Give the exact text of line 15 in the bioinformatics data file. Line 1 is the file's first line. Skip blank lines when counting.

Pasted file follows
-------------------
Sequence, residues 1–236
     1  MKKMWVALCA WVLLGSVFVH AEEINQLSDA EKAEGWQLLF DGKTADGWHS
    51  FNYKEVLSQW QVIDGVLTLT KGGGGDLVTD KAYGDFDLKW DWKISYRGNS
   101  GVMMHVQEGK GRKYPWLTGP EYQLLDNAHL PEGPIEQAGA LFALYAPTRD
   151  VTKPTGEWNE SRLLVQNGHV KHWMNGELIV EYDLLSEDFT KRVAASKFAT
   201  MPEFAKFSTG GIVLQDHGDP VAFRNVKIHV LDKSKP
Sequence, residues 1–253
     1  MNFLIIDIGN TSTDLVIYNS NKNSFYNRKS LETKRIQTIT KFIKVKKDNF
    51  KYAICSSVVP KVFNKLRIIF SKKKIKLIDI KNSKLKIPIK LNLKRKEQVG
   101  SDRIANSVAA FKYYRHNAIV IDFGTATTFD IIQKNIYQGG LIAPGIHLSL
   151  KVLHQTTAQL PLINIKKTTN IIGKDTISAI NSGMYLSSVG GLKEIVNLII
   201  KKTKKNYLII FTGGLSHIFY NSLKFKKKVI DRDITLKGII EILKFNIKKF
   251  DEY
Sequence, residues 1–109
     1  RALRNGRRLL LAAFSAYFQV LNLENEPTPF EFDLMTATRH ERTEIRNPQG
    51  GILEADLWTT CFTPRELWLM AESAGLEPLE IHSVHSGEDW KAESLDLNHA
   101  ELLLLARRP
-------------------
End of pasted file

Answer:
     1  RALRNGRRLL LAAFSAYFQV LNLENEPTPF EFDLMTATRH ERTEIRNPQG